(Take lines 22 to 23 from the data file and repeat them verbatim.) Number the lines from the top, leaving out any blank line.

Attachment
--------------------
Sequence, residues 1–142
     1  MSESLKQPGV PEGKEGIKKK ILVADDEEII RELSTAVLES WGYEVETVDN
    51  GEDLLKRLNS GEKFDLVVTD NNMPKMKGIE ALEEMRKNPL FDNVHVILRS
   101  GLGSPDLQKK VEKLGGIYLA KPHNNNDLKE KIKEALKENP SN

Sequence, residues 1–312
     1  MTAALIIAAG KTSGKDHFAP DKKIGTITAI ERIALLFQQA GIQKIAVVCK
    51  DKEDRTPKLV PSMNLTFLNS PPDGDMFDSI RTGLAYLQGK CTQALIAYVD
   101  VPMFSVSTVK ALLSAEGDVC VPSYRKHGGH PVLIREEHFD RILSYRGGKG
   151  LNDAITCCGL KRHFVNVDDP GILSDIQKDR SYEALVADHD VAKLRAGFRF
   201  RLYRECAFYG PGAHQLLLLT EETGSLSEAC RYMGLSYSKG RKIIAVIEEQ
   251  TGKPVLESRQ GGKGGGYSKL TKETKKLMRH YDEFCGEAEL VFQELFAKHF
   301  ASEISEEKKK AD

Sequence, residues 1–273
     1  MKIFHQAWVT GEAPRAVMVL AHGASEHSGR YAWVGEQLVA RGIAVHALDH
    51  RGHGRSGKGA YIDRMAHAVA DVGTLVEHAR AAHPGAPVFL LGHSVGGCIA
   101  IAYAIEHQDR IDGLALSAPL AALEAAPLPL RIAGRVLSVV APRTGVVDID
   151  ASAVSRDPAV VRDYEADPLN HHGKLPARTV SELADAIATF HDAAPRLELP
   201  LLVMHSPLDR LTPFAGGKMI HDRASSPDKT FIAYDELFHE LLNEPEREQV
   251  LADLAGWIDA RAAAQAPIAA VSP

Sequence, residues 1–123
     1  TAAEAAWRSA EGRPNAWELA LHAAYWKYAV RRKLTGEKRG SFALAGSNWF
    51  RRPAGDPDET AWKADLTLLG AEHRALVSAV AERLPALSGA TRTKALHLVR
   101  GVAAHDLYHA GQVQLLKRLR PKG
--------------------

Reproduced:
    51  RRPAGDPDET AWKADLTLLG AEHRALVSAV AERLPALSGA TRTKALHLVR
   101  GVAAHDLYHA GQVQLLKRLR PKG